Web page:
As Joe Biden’s presidency approaches the 100 day mark, The University of West Florida Department of Government is getting ready to give it a review. “We’re having a roundtable discussion that’s taking stock of the first 100 days of the Biden administration. Things that have changed, things that have stayed the same and what we think the implications are.”
Adam Cayton is an associate professor of government in The Reubin O’D Askew Department of Government at UWF. He’ll be one member of the panel examining how Joe Biden is progressing in the early part of his administration.
“I’m hoping to hear whatever folks are interested in. I’m hoping to hear questions that I haven’t thought of. Because (me) and each of my colleagues will have some things that we have noticed that are interesting and we’re prepared to talk about. But the wonderful thing about public events is that people ask wonderful questions that we had not thought to discuss that often end up being more interesting than what we come prepared with.”
One question that usually gets asked when talking about a president’s first 100 days is why do we even care about the first 100 days.
“Sure, it’s mostly just tradition. The Franklin Roosevelt administration that started in 1933 had what’s become a legendary period of policy productivity during its first 100 days when he requested congress pass a number of sweeping legislative enactments to address the Great Depression. And because his party had an overwhelming majority in congress he was able to get a friendly legislature to pass massive policy reforms in a really short amount of time. So his first 100 days is pointed to as one of the most productive periods in the history of any presidential administration. And what was remarkable about it is that in terms of turning the slow moving ship of American public policy, 100 days is a very short time. So it’s become common since then to take stock of what a president is doing after their first 100 days in office. But, really there’s nothing special about 100 days other that it’s a round number and Franklin Roosevelt has a productive 100 days. Although we could easily be talking about his first 99 days or his first 101 days, it doesn’t really matter.”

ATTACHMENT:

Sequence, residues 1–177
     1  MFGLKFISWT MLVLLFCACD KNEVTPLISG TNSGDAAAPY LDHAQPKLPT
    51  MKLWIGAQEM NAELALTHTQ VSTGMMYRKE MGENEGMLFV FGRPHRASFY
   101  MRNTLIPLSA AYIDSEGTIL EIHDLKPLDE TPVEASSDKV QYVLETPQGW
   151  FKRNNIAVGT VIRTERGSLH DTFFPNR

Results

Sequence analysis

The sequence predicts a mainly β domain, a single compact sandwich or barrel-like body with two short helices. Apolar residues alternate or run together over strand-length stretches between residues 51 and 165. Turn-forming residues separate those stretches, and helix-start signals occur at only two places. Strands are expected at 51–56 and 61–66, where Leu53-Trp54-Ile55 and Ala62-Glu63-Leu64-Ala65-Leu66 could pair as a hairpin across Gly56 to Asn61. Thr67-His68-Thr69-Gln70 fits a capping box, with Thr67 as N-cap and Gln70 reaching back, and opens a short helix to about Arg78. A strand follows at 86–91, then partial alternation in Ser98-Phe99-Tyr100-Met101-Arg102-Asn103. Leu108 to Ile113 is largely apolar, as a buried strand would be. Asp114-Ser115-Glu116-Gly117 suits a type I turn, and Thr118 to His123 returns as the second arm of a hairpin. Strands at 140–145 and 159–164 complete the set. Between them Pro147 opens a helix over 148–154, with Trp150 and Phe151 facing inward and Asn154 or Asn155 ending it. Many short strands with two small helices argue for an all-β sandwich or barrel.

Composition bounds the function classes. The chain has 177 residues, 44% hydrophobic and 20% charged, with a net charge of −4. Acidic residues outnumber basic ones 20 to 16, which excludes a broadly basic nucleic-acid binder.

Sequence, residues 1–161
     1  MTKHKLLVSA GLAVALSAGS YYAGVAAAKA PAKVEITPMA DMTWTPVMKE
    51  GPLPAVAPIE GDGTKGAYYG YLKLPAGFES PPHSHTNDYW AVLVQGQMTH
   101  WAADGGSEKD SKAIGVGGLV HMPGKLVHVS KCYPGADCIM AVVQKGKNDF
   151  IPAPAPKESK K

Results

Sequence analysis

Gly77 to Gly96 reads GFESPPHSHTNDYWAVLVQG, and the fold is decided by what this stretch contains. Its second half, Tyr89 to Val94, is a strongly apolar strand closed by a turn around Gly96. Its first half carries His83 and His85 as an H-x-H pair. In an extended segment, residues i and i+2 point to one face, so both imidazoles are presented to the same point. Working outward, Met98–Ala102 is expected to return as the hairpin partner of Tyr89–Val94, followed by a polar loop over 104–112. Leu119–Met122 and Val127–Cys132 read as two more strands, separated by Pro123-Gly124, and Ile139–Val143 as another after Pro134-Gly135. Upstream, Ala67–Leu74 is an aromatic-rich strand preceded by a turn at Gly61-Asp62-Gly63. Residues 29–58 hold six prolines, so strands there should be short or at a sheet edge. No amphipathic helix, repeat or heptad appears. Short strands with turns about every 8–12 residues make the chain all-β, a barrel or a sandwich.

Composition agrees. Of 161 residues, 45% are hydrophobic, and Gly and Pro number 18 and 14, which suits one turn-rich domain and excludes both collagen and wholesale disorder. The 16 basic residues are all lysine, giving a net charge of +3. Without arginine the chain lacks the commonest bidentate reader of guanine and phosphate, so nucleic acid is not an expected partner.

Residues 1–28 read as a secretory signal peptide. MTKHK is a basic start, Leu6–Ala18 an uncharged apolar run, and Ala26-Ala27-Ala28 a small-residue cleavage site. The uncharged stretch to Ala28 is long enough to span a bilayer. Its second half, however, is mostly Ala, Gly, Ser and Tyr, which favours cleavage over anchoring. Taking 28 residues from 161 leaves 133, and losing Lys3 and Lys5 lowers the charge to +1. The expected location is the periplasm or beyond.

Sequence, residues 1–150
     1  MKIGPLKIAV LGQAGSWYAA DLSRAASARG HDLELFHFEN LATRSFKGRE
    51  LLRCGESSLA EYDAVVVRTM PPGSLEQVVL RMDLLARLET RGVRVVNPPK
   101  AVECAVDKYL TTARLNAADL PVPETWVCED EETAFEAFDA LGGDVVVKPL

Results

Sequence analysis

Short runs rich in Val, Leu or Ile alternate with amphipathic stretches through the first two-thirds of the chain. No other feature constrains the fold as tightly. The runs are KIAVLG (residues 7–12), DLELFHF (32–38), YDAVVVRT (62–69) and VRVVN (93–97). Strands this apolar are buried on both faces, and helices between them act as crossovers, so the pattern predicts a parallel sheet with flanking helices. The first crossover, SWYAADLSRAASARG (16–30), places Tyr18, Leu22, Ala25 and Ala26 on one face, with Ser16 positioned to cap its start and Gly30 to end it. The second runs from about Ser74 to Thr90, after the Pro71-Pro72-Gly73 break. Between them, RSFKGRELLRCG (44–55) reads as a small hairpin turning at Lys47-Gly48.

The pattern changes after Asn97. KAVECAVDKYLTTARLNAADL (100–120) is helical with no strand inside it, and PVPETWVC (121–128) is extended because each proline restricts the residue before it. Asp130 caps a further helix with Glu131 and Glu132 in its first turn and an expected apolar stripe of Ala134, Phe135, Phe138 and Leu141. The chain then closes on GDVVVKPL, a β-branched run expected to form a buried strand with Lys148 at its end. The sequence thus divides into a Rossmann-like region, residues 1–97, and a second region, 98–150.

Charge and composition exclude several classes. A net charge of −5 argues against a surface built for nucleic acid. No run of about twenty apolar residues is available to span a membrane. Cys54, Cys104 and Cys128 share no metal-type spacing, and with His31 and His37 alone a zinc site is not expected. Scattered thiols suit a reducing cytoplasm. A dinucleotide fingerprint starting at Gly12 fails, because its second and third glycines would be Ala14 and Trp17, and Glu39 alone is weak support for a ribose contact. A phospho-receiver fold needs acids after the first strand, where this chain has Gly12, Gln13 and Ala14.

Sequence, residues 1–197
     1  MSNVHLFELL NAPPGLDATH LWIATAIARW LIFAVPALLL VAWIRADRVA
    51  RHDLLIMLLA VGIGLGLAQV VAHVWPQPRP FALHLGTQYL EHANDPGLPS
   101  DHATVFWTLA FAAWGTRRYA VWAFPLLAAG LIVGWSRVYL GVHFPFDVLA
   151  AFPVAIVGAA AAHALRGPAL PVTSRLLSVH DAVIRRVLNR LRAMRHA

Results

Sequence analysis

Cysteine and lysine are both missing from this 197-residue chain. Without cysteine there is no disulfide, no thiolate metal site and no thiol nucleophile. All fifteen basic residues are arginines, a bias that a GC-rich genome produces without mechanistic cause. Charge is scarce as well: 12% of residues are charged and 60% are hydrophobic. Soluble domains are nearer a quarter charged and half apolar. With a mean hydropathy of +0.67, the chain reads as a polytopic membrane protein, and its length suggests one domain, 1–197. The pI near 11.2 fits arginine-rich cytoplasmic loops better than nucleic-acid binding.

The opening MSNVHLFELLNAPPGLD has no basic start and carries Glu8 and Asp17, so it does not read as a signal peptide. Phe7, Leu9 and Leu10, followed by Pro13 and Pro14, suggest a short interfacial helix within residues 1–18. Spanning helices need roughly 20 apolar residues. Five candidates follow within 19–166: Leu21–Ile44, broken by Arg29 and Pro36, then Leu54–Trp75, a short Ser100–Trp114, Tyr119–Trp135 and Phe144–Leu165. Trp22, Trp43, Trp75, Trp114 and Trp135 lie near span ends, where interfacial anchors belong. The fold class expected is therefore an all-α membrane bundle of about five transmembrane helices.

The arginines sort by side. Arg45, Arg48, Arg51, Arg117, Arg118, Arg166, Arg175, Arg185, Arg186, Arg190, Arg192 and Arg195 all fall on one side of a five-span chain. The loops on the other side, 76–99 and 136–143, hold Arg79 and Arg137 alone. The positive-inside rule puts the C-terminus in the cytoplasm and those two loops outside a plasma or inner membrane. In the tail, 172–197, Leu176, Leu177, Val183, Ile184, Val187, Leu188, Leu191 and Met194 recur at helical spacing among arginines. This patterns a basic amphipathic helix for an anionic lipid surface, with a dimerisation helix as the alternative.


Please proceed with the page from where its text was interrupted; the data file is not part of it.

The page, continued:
So, is the 100 day test an accurate sign of a successful presidency?
“I don’t think so. It can be a good indicator. A lot of presidents get more done early in their administration rather than later. But some goals take a long time to achieve, and some policies aren’t enacted until later. We wouldn’t have known how history would see many of our many of our presidents in the first 100 days of their administrations. So, take for example presidents who left office and are viewed as being unresponsive to policy problems. I’m thinking of people like Jimmy Carter or Herbert Hoover, who have not gone down in history as our most effective presidents. And in their first 100 days, they looked great. Because, in Hoover’s case, the Great Depression was still months down the road. So, I don’t think it’s a great barometer, but it’s a good way for the public to see what a president is trying to do. But it’s far too early to determine whether or not they’ll be successful.”
The roundtable will be Monday, April 5 at 6 p.m. and will be held over Zoom. There is no charge to participate and everyone will be welcome to ask questions during the discussion. You can find registration information HERE.